3.2. Observation of the Diffuse and Molecular Gas Content of Ring Galaxies
Silverglade and Krumm (1978) made Arecibo observations of eleven ring galaxies and detected six of them. The authors concluded that the HI masses of ring systems were not significantly different from those of "normal" spiral galaxies. Observations at Parkes of the Cartwheel by Mebold, Goss and Fosbury (1977) showed that it contained significant amounts of neutral hydrogen. In the Ph.D Thesis of Jeske (1986), 16 out of 28 ring galaxies were detected using the Arecibo radio telescope.
Very few high-resolution aperture synthesis HI observations have been made of classical ring galaxies. In a VLA study of NGC 2793 by Ghigo, Hine and van der Hulst (in preparation), the HI was found to be clumpy and concentrated mainly in the bright knotty parts of the ring. Kinematically, this galaxy, identified as ring galaxy number 6 of Thompson's (1977) list, shows a rising rotation curve and the kinematics of the ring are consistent with a large expansion velocity (see section 3.3). (We note that new observations at the VLA have recently been made (J. Higdon, personal communication) and these higher sensitivity observations will soon be available.)
The Cartwheel ring galaxy has been the subject of a very detailed and elegant HI study by Higdon (1993) as part of his Ph.D thesis. Figure 9 shows that neutral hydrogen emission is seen associated with the ring, with some additional material found both outside and inside the ring. The HI surface density is lower in the region of the bright HII regions in the southern quadrant of the ring, but has a clumpy distribution that roughly follows the outer ring. Gas is concentrated in regions of the ring with less active star formation and some gas is found outside the ring. Although there is no obvious major concentration of gas associated with the spokes, a faint component of HI emission is found inside the ring. In general though, very little HI is found inside the ring. The kinematic results from these observations have been used by Struck-Marcell and Higdon (1993) to constrain models of the mass distribution in the Cartwheel and as the basis on numerical models of the collision (see Section 6.3). As in the case of NGC 2793, a rising rotation curve was found.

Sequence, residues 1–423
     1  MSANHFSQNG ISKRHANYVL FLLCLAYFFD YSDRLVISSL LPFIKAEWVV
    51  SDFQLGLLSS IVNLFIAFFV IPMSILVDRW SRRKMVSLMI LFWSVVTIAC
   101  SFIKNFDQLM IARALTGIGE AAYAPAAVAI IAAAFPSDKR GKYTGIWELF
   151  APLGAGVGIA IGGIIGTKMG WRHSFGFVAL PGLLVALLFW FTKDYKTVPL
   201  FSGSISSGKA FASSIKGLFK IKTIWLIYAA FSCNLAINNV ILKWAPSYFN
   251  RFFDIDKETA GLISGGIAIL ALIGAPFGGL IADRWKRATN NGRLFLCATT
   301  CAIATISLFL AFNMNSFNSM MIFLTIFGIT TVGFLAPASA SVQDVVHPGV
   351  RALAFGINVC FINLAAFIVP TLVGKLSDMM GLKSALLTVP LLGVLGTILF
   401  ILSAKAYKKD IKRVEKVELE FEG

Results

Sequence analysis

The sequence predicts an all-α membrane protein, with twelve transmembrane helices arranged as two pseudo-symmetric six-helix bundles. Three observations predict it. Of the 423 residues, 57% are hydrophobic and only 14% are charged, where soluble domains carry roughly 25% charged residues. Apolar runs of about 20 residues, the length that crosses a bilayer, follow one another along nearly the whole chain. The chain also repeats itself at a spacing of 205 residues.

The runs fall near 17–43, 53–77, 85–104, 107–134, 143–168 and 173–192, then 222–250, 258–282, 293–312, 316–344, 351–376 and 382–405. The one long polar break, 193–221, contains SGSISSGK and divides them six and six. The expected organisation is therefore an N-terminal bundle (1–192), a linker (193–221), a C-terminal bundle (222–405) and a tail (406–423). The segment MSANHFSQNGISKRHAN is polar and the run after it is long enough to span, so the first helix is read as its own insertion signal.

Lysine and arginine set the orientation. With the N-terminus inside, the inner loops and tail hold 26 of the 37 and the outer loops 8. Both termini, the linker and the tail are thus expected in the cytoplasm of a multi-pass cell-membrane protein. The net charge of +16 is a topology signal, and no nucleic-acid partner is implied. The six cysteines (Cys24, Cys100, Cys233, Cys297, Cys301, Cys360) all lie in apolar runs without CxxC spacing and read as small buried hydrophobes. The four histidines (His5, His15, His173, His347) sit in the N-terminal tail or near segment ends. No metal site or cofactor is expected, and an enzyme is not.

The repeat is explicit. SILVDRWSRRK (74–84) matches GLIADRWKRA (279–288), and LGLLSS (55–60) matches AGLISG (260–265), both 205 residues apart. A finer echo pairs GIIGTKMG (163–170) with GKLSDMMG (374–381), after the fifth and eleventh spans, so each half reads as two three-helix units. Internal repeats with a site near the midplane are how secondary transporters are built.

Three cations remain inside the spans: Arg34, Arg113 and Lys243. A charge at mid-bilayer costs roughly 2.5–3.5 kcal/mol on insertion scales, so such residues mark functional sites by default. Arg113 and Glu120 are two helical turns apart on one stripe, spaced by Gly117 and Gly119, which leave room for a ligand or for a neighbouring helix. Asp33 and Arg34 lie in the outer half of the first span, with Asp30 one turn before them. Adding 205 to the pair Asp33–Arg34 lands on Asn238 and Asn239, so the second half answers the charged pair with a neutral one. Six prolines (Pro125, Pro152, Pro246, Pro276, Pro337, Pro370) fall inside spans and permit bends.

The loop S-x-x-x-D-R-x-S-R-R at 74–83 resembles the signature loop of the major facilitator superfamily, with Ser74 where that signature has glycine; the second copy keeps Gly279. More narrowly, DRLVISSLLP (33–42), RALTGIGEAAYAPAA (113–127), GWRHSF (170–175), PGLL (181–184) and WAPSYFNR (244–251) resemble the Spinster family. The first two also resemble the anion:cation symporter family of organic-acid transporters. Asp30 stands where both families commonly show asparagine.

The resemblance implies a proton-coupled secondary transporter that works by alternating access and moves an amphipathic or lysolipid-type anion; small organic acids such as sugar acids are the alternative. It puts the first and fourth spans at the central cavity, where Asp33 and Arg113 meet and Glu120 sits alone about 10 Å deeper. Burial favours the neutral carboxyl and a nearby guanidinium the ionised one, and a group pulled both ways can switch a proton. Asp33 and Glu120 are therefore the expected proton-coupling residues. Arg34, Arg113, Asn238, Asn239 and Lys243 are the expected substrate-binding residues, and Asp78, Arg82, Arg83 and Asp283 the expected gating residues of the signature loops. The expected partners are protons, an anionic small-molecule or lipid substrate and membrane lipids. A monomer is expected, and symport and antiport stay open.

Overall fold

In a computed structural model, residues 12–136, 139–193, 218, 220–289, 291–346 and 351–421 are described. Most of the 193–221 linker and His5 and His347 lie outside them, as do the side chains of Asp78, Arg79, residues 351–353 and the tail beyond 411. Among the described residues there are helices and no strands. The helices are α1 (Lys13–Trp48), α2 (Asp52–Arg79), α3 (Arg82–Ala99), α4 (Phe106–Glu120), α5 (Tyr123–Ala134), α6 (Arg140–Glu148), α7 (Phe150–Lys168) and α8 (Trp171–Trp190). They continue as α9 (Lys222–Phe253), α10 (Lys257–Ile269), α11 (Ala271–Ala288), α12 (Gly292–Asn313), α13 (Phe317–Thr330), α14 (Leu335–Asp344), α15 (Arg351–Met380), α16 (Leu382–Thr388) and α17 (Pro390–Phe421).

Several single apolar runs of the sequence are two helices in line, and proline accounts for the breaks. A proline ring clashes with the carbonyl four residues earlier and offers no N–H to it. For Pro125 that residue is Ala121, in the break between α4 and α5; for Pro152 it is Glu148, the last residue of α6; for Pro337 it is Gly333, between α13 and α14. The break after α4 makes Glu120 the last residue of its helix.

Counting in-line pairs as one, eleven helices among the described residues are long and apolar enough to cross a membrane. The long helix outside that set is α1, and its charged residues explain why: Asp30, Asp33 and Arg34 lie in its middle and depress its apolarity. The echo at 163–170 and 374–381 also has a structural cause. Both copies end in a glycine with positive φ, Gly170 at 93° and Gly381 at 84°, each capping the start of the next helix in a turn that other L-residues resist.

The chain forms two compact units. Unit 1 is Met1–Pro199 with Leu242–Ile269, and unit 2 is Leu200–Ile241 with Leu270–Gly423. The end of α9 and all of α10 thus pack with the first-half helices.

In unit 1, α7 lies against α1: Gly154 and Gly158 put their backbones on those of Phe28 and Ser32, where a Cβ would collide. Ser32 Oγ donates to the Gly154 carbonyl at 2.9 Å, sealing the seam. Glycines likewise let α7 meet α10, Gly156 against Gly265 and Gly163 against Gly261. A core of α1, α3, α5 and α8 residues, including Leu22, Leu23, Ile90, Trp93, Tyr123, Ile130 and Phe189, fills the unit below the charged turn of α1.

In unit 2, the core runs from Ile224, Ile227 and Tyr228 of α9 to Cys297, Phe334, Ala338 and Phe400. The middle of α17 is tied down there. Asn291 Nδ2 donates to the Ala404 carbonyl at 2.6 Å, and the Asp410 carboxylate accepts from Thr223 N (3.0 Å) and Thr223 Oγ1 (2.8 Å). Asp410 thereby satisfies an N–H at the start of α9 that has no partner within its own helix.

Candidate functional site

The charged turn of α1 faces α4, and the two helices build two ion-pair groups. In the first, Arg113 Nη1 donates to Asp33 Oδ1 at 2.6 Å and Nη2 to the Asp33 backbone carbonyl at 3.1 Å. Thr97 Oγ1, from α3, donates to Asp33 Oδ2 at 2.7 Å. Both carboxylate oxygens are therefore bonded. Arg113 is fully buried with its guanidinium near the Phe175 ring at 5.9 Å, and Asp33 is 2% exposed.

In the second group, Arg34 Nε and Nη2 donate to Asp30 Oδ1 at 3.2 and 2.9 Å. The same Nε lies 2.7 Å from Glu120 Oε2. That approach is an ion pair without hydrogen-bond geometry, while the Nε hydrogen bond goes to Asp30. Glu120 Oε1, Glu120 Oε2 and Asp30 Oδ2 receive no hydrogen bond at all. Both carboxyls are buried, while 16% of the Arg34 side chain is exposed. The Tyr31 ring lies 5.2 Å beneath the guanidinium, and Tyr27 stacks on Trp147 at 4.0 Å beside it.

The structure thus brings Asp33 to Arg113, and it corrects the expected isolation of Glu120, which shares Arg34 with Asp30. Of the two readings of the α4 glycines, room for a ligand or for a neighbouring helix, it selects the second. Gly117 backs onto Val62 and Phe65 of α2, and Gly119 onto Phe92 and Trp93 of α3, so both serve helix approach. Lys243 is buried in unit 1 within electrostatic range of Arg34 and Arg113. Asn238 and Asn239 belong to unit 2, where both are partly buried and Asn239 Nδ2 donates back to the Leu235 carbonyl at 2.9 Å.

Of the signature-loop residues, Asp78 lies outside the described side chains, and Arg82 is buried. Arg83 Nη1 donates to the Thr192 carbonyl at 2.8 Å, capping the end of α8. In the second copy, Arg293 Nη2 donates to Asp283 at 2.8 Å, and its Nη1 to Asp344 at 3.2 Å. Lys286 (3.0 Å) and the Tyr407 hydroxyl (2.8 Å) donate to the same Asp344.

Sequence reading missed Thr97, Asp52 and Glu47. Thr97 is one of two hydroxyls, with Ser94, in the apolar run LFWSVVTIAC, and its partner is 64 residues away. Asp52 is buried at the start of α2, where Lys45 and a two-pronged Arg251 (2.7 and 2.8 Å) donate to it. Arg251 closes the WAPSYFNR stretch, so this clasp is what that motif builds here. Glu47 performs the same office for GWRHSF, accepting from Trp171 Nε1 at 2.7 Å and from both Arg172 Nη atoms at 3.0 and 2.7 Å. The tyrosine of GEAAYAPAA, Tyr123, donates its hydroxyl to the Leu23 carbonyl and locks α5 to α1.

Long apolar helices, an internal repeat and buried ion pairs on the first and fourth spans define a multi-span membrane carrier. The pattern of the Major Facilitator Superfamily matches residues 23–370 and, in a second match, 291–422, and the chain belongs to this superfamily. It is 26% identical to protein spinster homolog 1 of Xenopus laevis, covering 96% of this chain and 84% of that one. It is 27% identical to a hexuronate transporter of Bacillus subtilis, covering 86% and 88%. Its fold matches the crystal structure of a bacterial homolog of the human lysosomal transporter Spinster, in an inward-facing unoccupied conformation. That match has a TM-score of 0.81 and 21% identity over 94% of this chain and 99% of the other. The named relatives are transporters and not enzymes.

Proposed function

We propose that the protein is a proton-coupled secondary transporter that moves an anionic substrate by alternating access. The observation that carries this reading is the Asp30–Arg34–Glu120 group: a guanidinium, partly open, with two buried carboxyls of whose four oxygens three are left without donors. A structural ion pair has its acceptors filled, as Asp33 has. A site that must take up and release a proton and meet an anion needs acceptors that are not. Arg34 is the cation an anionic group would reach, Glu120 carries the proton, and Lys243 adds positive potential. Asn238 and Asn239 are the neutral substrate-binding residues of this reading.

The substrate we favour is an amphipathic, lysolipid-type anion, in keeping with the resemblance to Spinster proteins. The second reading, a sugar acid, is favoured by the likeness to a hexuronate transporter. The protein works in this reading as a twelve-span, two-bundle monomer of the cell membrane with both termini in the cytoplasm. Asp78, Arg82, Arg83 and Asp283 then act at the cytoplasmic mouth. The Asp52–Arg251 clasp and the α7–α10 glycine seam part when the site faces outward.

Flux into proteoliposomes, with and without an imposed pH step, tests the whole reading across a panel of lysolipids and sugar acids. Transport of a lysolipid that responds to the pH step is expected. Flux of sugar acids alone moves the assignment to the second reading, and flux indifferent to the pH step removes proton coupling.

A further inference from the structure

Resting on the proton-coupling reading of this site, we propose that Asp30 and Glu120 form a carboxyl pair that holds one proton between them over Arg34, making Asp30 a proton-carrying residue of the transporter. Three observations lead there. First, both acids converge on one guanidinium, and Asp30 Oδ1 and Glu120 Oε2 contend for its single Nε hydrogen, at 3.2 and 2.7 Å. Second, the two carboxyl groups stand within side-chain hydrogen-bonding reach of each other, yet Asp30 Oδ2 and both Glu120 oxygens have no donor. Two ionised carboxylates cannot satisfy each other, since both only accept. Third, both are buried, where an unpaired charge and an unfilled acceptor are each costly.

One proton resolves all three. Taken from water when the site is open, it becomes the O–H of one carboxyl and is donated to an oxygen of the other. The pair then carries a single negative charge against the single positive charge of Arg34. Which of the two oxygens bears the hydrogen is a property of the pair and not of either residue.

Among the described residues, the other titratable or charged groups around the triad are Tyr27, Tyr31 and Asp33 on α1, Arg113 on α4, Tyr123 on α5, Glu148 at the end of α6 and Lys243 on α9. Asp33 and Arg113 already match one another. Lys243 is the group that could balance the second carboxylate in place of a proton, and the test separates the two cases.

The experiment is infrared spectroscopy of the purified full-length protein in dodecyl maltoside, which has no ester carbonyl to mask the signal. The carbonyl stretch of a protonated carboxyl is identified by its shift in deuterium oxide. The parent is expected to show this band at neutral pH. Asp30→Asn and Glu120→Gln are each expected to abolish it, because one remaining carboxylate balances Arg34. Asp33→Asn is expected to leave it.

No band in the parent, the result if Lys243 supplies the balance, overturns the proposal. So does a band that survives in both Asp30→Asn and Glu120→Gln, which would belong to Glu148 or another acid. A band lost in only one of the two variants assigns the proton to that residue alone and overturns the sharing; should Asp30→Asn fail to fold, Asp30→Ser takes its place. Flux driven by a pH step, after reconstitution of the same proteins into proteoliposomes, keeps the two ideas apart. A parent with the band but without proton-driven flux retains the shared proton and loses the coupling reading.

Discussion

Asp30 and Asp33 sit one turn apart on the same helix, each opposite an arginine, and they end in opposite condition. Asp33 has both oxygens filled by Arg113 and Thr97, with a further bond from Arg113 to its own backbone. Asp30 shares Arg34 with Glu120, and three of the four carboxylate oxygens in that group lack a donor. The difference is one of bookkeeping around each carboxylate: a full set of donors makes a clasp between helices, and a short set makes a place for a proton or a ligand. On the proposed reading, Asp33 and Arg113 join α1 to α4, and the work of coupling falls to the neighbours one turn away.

Figure 9 also shows another important fact. The extended HI emission found outside the Cartwheel is very asymmetrically distributed in the Cartwheel group: all of it being found in the general direction of the companions to the NE. A faint filament was discovered by Higdon (1993) extending from the Cartwheel all the way to the most distant companion G3. The asymmetric nature of the HI relative to the Cartwheel is strongly suggestive of an impact from the south-west which has scattered debris into the northeast quadrant. This is further evidence that the Cartwheel was formed by a collision.
Figure 9. James Higdon's medium resolution (10.7 × 9.1 arcsecs2 FHWM) HI observations of the Integrated HI emission from the Cartwheel obtained using the combined B, C and D arrays of the VLA superimposed on a CTIO 4-meter prime-focus plate of the galaxy (Higdon 1993; Figure 3a of Ph.D thesis). Strong emission is seen associated with the ring and is stronger away from the regions of intense star formation. Fingers of HI also point inwards towards the center of the Cartwheel which is generally deficient in HI. Gas is also seen to the north-east associated with the late-type companion and the far northern companion. Much scattered low-surface-brightness emission is also seen in this region.
At the time of writing, a number of new HI studies are underway in both the northern and southern hemispheres. Work is being performed by J. Wallin (G.M.U.) and J. Higdon (N.R.A.O.) to study a number of southern ring galaxies including Vela and AM064-741. In the north VLA observations of VIIZw466 and Arp 10 have been made by V. Charmandaris and one of us (PNA). HI emission was detected and mapped in both cases and the observations are currently being analyzed. Both galaxies appear to have extensive HI disks extending well beyond the optical rings. It is clear that the next few years will bring new and interesting dynamical information to add to the mainly photometric studies of ring galaxies performed so far.